Although George Washington Carver was responsible for the creation of more than 300 items derived from the peanut plant, he is most commonly known for one of these products that he did not originate: peanut butter. It is common practice to give the agricultural scientist credit for “discovering” something that has previously existed.
However, given that his life story coincides perfectly with the growth of peanut butter as a culinary favorite in the first decades of the 20th century, it is fitting that he serves as a symbol for this uniquely American delicacy.
Carver helped farmers find alternate uses for popular crops
Carver was born into slavery in Missouri near the close of the Civil War. Even at a young age, he shown a natural desire for learning and a delicate touch for plant life. Carver was eventually accepted to Iowa’s Simpson College and then the school that would later become Iowa State University. At Iowa State University, he earned his master’s degree in agriculture in 1896. Carver had been rejected from one college, which had accepted him before realizing he was Black.
When he wasn’t burdened down with more prosaic chores like actually teaching, Carver labored to create sustainable farming practices while he was the director of the agricultural department at Booker T. Washington’s Tuskegee Institute. Carver encouraged Southern farmers to develop other crops that revitalized the soil, such as cowpeas, beans, sweet potatoes, and peanuts, at a time when cotton planting had been going on for generations and the boll weevil had invaded the region. This had led to the devastation of Southern farms by the early 1900s.
One of his earliest acknowledged accomplishments was the creation of the Jesup Wagon, which was a school on wheels that began making trips to underprivileged farmers in outlying areas in the year 1906. Carver also aimed to provide growers with additional motivation by conceiving alternate uses for the crops he advocated for, manufacturing a variety of things that included medications, lotions, and soap. This was part of Carver’s effort to come up with alternative uses for the commodities.
John Harvey Kellogg filed a patent for peanut butter in 1895
In the meantime, by the middle of the 1890s, the product that was said to have been invented by Carver had already made its way onto dining room tables. As physician John Harvey Kellogg, who filed its first patent, or snack food entrepreneur George A. Bayle, whose creation bears a stronger resemblance to today’s ubiquitous spread, can be given credit for the invention of peanut butter, as detailed in Jon Krampner’s Creamy & Crunchy: An Informal History of Peanut Butter, the All-American Food. According to Krampner’s book, the credit for the invention of peanut butter can either be given to either of these individuals
After making a splash at the World’s Fair in St. Louis, Missouri, in 1904, peanut butter soon began to be sold in grocery stores under the names of national companies such as Beech-Nut and Heinz. According to Creamy & Crunchy, peanut butter production reached 158 million pounds in 1919, which was about five times the amount produced in 1907. This statistic was nearly five times higher than in 1907.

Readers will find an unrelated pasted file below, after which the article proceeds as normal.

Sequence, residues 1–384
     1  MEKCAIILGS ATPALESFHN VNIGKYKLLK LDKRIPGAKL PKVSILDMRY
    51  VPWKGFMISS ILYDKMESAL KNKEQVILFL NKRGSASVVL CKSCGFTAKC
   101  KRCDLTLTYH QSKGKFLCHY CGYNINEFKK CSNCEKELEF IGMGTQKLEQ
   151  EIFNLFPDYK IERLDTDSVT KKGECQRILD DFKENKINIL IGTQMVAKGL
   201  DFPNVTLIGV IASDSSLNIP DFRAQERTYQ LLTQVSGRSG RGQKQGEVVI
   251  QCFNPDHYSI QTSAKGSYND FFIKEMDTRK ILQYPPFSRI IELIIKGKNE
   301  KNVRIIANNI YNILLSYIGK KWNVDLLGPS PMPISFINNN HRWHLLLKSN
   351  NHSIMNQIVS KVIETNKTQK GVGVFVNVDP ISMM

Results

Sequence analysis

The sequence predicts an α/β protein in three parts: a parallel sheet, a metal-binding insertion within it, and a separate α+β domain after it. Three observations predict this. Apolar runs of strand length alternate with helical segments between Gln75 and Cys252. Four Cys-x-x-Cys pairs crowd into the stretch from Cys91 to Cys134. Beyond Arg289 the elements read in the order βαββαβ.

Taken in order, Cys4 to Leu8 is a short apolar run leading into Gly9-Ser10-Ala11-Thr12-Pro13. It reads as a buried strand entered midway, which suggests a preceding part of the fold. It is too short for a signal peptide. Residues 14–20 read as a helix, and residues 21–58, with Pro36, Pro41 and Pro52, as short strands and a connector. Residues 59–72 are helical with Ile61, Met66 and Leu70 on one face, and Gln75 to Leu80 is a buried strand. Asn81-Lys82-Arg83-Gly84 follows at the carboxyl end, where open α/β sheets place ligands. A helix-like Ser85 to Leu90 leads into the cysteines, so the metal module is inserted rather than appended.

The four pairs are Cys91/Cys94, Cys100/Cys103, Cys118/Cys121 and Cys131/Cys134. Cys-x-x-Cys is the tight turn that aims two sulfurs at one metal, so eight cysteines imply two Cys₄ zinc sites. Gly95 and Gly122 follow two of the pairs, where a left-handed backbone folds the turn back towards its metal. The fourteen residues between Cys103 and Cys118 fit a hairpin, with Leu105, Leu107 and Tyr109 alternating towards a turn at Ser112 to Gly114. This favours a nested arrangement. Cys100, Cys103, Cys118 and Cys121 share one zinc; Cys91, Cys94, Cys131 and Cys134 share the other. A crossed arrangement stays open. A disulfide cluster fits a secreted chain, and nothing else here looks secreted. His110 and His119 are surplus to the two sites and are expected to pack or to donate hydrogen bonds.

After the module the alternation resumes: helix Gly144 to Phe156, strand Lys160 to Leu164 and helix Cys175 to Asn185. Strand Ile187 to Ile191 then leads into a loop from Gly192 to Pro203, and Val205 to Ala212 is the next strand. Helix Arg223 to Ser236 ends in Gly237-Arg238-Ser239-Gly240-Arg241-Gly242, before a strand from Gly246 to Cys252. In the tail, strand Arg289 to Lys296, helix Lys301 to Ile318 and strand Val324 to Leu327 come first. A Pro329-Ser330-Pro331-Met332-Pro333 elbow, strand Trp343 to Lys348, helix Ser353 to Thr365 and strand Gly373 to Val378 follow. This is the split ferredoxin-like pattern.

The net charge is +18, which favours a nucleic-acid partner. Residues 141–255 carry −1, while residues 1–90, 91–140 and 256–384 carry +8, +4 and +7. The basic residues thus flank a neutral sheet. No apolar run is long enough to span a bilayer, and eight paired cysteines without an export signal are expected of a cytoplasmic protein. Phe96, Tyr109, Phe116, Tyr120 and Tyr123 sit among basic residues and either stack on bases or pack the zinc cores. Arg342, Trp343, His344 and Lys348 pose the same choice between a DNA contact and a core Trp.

Carver didn’t get the nickname ‘Peanut Man’ until after World War I
Carver’s publication in 1916 of “How to Grow the Peanut and 105 Ways of Preparing it For Human Consumption” marked the beginning of his relationship with the legume, but it wasn’t until after the war that he became known as the “Peanut Man.”
In 1920, the United Peanut Association of America, which was attempting to obtain a protective tariff against international competition, requested George Washington Carver to share his discoveries with the organization. After that, he represented the UPAA in front of the House Ways and Means Committee in the beginning of 1921. He was able to win over a hostile audience with his unmistakable passion for the peanut dyes, milk, powders, and other items that were laid out on the table.
Carver became a well-known figure and the UPAA were successful in obtaining their tariff as a direct result of his presentation.
Despite not inventing peanut butter, Carver still created hundreds of peanut products, many of which he did not patent
After some time, he became increasingly well-known for advocating the use of massages performed with peanut oil as a treatment for polio. Reportedly, President Franklin D. Roosevelt was among those who lauded the efficacy of this treatment. Before he passed away in 1943, the agricultural scientist developed hundreds of different peanut goods, the majority of which were novelty things that might have been manufactured with other ingredients more readily.
It was helpful that while he was still living, his life story was already being recounted in mythological terms. Carver was referred to as the “Columbus of the Soil” in an article published in 1921 in Success Magazine, which is cited in Creamy & Crunchy. And despite all of Carver’s fame, it is difficult to identify the specific inventions that he made because he applied for very few patents and refused to publish the majority of his research.
Even though he didn’t come up with the idea for peanut butter, George Washington Carver deserves praise for the attention and assistance he brought to the peanut industry while it was still expanding. This is especially noteworthy given that it occurred during a time when the contributions of African Americans were frequently ignored.
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